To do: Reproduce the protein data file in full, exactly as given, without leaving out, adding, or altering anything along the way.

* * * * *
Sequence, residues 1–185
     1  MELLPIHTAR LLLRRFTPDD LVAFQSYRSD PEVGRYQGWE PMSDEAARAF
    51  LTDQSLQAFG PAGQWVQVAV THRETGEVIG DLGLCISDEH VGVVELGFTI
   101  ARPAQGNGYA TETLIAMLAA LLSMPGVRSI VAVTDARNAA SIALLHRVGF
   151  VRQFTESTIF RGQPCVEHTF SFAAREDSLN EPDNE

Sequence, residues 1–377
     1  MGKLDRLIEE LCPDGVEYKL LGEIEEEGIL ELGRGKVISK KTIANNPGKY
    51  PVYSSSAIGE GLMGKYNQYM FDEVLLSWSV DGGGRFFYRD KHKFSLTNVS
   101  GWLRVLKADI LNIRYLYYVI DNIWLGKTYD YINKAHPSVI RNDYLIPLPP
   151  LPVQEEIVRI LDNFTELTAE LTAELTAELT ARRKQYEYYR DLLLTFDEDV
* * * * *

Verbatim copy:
Sequence, residues 1–185
     1  MELLPIHTAR LLLRRFTPDD LVAFQSYRSD PEVGRYQGWE PMSDEAARAF
    51  LTDQSLQAFG PAGQWVQVAV THRETGEVIG DLGLCISDEH VGVVELGFTI
   101  ARPAQGNGYA TETLIAMLAA LLSMPGVRSI VAVTDARNAA SIALLHRVGF
   151  VRQFTESTIF RGQPCVEHTF SFAAREDSLN EPDNE

Sequence, residues 1–377
     1  MGKLDRLIEE LCPDGVEYKL LGEIEEEGIL ELGRGKVISK KTIANNPGKY
    51  PVYSSSAIGE GLMGKYNQYM FDEVLLSWSV DGGGRFFYRD KHKFSLTNVS
   101  GWLRVLKADI LNIRYLYYVI DNIWLGKTYD YINKAHPSVI RNDYLIPLPP
   151  LPVQEEIVRI LDNFTELTAE LTAELTAELT ARRKQYEYYR DLLLTFDEDV